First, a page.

I'M struggling with a new and disturbing emotion: a creeping sense of sympathy for Theresa May. Yes, I know. She's a Tory and all that, and was responsible for the “hostile environment” rules on migrants when she was home secretary. She's pretty useless at her job too, combining dogged determination with intellectual rigidity - a dangerous combination in a Prime Minister. Still: she’s a human being, and no one would wish on her the trial she faces at this week's Conservative Party Conference in Birmingham.

Her Chequers deal is toast; Brussels humiliated her at Salzburg; leadership rivals are lining up to replace her; and she is regarded by most Tory members as a traitor to the cause of Brexit. The house journal of thinking Tories, The Spectator, has said she should “go now”, because her leadership has “not just divided, but lobotomised the Tory party”. Ouch.

On Tuesday, before she gives the most important conference speech of her career, she’ll be upstaged by the blond bombshell, Boris Johnson, making a transparent leadership bid of his own. Bets are being taken on what tasteless imagery he’ll deploy. He’s already compared his leader's Brexit policy to “a suicide vest wrapped round the British constitution”. Perhaps this time he'll say “Chequers is Britain's 9/11 with May flying her plane straight at our World Trade Centre”. Or perhaps that she's been “gaslighted by Michel Barnier into allowing Brussels to sexually assault the UK”.

Mrs May will have to grimace and bear it, because she can’t compete with the former Foreign Secretary's star status in the Tory Party. You wonder why she bothers speaking at all. Nothing she can say will reconcile the Tory factions. The Moggites of the European Research Group, want an immediate abandonment of her Chequers “deal”. They have 40-50 MPs who can bring down her government if she persists with attempts to keep Britain in regulatory alignment with the EU single market.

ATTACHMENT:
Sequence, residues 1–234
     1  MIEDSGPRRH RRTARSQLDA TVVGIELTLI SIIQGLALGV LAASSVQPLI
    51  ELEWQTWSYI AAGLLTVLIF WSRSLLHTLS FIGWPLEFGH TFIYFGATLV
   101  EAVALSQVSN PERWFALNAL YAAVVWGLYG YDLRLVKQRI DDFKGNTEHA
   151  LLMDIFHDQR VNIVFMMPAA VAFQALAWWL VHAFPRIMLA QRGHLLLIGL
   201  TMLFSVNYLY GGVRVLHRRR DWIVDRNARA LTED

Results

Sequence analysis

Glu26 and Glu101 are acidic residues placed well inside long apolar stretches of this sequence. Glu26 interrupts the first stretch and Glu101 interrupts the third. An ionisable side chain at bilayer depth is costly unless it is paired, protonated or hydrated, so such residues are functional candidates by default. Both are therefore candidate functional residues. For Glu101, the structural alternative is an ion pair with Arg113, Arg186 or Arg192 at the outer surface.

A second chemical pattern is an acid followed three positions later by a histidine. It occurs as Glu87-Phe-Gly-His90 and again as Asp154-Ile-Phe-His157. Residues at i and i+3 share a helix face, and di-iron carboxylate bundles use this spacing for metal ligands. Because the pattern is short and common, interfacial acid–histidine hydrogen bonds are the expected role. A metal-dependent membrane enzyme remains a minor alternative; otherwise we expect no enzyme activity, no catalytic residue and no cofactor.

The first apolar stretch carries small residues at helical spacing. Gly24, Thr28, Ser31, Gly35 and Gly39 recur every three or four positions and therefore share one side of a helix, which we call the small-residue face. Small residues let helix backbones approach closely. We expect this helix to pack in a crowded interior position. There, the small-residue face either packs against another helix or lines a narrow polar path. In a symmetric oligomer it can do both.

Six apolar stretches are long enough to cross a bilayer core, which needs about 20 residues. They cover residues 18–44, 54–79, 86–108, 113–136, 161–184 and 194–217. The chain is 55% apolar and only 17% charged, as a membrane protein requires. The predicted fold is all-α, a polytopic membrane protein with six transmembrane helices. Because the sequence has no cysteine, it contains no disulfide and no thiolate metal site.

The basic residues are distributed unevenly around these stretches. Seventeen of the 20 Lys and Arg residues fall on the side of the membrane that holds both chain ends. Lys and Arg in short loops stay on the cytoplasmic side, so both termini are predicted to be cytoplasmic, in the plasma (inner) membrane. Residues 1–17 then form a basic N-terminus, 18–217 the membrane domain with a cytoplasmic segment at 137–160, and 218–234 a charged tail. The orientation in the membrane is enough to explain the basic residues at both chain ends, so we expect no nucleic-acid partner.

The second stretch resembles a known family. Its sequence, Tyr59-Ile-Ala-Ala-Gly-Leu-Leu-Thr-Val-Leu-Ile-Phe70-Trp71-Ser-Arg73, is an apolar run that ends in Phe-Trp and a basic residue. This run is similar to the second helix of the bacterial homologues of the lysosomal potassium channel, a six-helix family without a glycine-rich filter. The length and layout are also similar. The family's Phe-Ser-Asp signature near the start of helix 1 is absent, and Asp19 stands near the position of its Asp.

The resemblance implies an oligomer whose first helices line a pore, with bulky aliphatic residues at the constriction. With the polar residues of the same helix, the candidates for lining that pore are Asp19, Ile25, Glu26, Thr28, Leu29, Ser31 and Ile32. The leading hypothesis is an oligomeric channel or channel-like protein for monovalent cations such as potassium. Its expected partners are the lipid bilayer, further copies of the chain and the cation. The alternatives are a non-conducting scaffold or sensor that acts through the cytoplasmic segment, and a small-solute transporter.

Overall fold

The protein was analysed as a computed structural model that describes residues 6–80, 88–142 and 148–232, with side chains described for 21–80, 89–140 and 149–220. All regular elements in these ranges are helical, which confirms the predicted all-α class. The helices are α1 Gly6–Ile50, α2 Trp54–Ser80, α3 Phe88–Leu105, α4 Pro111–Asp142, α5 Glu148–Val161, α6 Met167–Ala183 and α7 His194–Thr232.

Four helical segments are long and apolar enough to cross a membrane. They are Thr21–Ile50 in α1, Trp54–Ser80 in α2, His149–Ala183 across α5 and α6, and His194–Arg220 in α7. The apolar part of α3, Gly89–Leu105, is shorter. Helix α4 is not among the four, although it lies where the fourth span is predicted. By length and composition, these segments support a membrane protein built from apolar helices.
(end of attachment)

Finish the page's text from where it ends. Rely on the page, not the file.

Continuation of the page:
On the other side, Remainers, like the former Home Secretary, Amber Rudd - who seems to have discovered herself since she was sacked - are warning that they too have “around 40 MPs”. They're equally determined to prevent May adopting a Canada-style Free Trade Agreement (FTA.) Indeed, Rudd says she’ll even support a Peoples Vote if Chequers stalls and the Moggites grab the steering wheel.

One of the mysteries of the last two years is why the Remain majority in the Tory party - and in parliament itself – as been so supine for so long. What were they afraid of? A no deal Brexit is patently ludicrous, as last week’s revelations about government plans for possible food rationing confirmed. The “Supercanada” Free Trade Deal promoted by Boris Johnson, in his latest Telegraph epistle, is really not much better. The 2016 Comprehensive Economic and Trade Agreement (CETA) took seven years to negotiate and is manifestly inferior to the arrangement we currently have.

As has been repeatedly pointed out, CETA doesn’t properly cover services, like banking, which account for 80% of the British economy. Nor does it solve the problem of a hard border in Ireland (or in the Irish Sea under the backstop agreement). CETA would inevitably mean the restoration of customs checks and tariffs for thousands of business, if only to negotiate them away again. And of course it would mean non-tariff and regulatory barriers to trade, like those sanitary and phyto-sanitary checks on food exports.